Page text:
Instead, the Maple Leafs could go the free-agency route, as prices may not be as high as projected before the COVID-19 pandemic. The flat salary cap will hamper the ability of many teams to sign players, and the loss of revenue could affect the spending by some smaller market clubs.
Prediction: Maple Leafs sign Brodie - a player Dubas nearly acquired for Nazem Kadri - to a three-year, $15-million contract.
Will there be a change in goal?
Frederik Andersen has one year remaining on his contract before he hits unrestricted free agency. He's coming off his worst regular season with the Maple Leafs, though he did sport a .936 save percentage in five playoff games against the Columbus Blue Jackets. It was far from his fault that the team didn't advance, but he was outplayed in the crease for the fourth straight postseason.
It's possible the Maple Leafs could move Andersen and sign a goalie in free agency for less than his $5-million cap hit. However, trade partners could be limited, as only contenders would be interested in Andersen since he's a rental, and most contending teams already have a goalie. The ones that don't would likely rather find one via free agency so they don't have to give up any players in return.
Prediction: Andersen plays out the final year of his contract.
The finished product
We've made a 2020-21 lineup prediction upon answering the four questions. It includes a trio of bargain UFA additions to replace Kapanen and the hypothetical losses of Kerfoot and Johnsson. Here's a look at the roster, which comes in $341,467 under the $81.5-million salary cap, according to CapFriendly:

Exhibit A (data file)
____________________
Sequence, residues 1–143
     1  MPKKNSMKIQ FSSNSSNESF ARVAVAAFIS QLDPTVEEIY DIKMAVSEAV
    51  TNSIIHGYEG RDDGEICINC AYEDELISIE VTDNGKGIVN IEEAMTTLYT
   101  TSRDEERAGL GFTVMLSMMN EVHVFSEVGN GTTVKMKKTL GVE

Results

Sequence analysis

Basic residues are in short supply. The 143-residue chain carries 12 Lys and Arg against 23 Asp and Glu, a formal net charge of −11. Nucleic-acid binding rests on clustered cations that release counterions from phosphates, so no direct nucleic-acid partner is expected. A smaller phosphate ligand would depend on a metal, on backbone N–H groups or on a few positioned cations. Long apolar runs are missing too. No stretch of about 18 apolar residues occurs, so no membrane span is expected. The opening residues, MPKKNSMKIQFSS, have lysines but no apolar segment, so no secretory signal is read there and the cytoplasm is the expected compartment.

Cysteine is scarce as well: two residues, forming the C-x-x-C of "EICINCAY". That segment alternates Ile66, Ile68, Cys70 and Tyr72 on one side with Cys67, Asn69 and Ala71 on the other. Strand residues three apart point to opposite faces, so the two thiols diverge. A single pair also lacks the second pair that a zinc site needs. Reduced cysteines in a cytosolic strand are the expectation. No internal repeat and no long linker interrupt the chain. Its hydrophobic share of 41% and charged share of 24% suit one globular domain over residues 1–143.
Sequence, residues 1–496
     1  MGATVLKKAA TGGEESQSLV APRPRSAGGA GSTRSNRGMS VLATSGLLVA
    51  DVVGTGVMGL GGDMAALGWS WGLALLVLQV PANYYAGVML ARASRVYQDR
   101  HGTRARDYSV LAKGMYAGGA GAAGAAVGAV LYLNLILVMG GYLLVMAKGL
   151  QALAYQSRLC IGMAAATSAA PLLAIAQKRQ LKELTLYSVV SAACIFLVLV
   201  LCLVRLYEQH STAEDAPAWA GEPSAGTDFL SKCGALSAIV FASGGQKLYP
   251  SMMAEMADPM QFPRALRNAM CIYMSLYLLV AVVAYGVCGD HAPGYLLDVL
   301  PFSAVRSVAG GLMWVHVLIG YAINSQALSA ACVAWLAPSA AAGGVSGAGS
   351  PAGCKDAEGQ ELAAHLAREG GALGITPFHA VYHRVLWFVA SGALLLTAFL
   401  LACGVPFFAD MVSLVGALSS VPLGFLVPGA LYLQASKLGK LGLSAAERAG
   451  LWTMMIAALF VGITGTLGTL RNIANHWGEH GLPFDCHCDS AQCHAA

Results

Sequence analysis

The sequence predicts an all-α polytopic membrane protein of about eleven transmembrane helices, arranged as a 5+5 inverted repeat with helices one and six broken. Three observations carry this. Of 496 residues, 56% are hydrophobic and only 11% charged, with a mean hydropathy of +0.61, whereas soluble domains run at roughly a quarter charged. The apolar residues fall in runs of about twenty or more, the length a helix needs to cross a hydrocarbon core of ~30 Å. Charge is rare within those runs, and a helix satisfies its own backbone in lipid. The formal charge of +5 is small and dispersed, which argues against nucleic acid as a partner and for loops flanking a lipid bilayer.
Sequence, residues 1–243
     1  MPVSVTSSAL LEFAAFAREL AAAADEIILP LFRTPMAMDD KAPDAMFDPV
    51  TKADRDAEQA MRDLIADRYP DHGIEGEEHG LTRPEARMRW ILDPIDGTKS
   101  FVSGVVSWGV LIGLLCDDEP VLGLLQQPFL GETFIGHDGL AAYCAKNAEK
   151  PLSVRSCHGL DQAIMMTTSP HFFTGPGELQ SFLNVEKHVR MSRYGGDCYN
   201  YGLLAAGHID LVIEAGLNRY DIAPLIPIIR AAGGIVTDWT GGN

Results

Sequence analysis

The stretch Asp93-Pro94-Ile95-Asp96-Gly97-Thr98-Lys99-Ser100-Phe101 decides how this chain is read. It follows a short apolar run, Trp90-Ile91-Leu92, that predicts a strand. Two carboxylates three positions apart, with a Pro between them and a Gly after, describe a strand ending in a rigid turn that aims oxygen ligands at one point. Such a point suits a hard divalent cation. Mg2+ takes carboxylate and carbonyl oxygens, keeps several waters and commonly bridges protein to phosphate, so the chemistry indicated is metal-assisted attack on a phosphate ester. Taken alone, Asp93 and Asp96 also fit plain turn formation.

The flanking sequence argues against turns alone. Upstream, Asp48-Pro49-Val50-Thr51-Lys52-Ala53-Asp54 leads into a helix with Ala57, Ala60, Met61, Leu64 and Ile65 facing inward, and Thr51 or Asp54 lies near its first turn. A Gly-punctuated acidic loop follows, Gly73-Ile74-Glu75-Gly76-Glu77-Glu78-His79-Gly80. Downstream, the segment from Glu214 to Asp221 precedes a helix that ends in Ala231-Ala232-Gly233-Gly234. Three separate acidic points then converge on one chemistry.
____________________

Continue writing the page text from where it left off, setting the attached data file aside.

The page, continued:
Bold = projected acquisition
* = projected re-signing
|Zach Hyman ($2.25M)||Auston Matthews ($11.6M)||Mitch Marner ($10.9M)|
|Ilya Mikheyev* ($2M)||John Tavares ($11M)||William Nylander ($6.96M)|
|Nick Robertson ($850K)||Joe Thornton ($1M)||Tyler Ennis ($2M)|
|Alexander Barabanov ($925K)||Pierre Engvall ($1.25M)||Jason Spezza* ($700K)|
|Pat Maroon ($900K)|
|Morgan Rielly ($5M)||T.J. Brodie ($5M)|
|Jake Muzzin ($5.63M)||Justin Holl ($2M)|
|Mikko Lehtonen ($925K)||Travis Dermott* ($1.5M)|
|Rasmus Sandin ($894K)|
|Frederik Andersen ($5M)|
|Jack Campbell ($1.65M)|
There are undoubtedly some significant question marks in the bottom-six forward group (Thornton is 41), but similar uncertainties existed even with Kerfoot and Johnsson eating up close to a combined $7 million, and moving them would allow Dubas to turn the blue line from a definite weakness into a strength.
Lehtonen was the KHL Defenseman of the Year in 2019-20. His addition and the growth of Sandin make it possible for Dermott to potentially be used as trade bait. However, the Maple Leafs learned in the postseason how critical defensive depth is.
If this group can't get over the hump in the playoffs, then it might be time to revisit Question 1.